In addition, undigested carbohydrates such as soy GOS exert an osmotic effect in the duodenum and jejunum portion of the intestinal tract until they reach the cecal tonsils (Marteau and Boutron-Ruault, 2002). Higher osmotic pressure from the intake of harmful quantities of the antinutritional factor GOS generates abnormally aqueous digesta that increases the feed passage rate in broilers (Coussement, 1999; David and Peter, 2001), potentially reducing nutrient utilization of the diet even further. Thus, the content of soy GOS in (pre) starter diets for chicks can substantially compromise the energy and protein utilization of SBM and also that of the complete feed.

On the other hand, the content of the antinutritional factor GOS (stachyose and raffinose) in SBM varies a lot depending on the region of origin of the SBM and even within the same region, ranging approximately between 5 and 10% (García-Rebollar et al., 2016). Given this variability in the content of the antinutritional factor GOS in SBM and its potential negative effect on the nutritional value of SBM and complete feed for chicks, it is crucial to know the content of this antinutritional factor in starter diets. Depending on the content of GOS in SBM and the level of inclusion of SBM in the diet, a wide range of the antinutritional factor GOS content can be found in commercial starter diets, from 1 % (5% GOS in SBM x 20% SBM in feed; low end of range) to 3.5% (10% GOS in SBM x 35% SBM in feed; high end of range).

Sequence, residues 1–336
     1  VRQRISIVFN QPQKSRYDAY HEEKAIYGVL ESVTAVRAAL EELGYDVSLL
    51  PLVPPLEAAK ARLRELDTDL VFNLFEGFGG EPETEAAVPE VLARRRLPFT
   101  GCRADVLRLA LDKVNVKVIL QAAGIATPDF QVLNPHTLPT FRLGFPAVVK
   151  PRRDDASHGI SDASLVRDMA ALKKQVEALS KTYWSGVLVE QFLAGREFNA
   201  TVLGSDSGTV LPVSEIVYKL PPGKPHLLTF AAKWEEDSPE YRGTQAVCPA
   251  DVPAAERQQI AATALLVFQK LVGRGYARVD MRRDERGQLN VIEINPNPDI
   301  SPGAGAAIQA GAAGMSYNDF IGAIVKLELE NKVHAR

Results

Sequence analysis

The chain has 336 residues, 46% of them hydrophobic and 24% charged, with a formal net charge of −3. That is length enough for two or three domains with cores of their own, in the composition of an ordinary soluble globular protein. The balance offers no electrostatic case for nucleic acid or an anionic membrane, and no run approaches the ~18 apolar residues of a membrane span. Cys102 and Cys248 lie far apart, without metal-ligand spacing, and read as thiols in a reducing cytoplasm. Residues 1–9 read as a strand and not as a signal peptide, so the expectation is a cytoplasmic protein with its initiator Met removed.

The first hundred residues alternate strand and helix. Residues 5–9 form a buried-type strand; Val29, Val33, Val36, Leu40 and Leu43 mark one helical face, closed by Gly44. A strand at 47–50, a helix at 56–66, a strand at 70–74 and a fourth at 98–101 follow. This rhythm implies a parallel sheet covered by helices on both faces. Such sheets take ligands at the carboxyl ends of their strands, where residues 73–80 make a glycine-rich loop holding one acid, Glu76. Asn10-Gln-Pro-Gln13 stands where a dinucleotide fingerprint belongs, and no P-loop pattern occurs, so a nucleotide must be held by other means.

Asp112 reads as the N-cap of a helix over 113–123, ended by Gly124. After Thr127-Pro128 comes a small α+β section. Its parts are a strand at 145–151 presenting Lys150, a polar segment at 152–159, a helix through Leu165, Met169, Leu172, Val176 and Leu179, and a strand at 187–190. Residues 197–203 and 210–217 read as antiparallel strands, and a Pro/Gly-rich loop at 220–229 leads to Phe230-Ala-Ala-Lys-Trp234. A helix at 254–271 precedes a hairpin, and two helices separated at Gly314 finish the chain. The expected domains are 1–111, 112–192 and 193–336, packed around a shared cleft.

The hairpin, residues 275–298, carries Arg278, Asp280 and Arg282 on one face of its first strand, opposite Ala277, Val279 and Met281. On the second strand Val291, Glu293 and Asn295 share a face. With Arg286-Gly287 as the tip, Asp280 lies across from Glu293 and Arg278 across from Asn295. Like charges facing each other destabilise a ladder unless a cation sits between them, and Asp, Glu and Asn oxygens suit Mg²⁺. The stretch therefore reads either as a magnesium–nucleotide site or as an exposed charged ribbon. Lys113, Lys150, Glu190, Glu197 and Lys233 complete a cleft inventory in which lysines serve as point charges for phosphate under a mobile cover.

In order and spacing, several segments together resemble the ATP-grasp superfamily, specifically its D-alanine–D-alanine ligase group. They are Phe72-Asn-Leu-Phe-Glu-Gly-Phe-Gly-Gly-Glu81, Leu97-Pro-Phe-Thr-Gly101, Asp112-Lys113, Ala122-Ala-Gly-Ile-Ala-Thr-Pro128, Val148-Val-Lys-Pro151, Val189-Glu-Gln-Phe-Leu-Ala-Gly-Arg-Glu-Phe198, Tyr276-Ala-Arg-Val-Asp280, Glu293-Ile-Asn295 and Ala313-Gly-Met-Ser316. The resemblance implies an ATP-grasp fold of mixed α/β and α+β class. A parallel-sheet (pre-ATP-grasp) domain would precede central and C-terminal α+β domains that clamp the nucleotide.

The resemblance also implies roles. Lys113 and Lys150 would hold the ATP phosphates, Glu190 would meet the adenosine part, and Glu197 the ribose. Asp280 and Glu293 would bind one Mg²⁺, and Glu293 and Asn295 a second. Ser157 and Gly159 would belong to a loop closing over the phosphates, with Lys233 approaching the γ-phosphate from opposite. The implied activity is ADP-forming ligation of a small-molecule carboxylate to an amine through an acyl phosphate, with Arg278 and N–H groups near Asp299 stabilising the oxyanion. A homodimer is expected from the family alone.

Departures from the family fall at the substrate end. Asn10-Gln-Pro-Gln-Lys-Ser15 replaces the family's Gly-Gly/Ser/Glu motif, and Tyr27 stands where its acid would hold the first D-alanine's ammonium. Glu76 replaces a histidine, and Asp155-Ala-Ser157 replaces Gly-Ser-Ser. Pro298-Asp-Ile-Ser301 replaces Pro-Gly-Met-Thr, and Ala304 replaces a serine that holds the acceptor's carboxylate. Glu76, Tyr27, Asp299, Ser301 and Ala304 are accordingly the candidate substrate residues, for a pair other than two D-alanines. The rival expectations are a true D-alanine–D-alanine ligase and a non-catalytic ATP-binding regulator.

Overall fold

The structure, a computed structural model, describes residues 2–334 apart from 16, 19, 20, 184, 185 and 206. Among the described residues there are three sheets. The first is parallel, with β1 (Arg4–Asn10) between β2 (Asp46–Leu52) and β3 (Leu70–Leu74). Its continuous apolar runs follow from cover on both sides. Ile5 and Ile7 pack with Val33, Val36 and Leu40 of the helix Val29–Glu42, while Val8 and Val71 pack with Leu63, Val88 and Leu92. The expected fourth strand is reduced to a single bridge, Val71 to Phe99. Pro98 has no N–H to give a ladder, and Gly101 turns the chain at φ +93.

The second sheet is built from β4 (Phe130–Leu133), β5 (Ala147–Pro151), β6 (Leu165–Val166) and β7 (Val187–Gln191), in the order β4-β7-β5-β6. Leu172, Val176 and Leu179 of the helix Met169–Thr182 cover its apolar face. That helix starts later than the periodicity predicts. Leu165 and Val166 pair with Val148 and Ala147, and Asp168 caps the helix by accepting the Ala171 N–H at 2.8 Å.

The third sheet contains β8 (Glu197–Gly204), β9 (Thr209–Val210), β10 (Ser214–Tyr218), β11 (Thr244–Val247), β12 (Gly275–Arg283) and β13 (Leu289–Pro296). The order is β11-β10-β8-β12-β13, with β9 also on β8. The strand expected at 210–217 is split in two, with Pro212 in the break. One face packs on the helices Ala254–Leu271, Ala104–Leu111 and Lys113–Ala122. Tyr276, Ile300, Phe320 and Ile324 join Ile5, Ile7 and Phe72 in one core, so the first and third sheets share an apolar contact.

We have recently investigated the effect of increasing levels of soy GOS (raffinose and stachyose), as antinutritional factors, in starter feed on AME and nitrogen retention in 14-day old chicks (Brown et al., 2022). The test birds were fed with one of five dietary treatments: a control diet devoid of the soy GOS based on soy protein isolate (SPI) or the same SPI diet with 0.9, 1.8, 2.7 or 3.6% added GOS (a mix of stachyose and raffinose, 4:1 ratio, as found in SBM). The range of GOS tested encompasses the range that we could find in commercial (pre) starter diets. Both linear (p<0.01) and quadratic effects (p<0.01) were observed for nitrogen retention, the maximum value being 70.20% at 1.24% GOS, based on the quadratic regression (Figure 1). GOS contents higher than 1.24% in the starter diet would result in a lower utilization of nitrogen.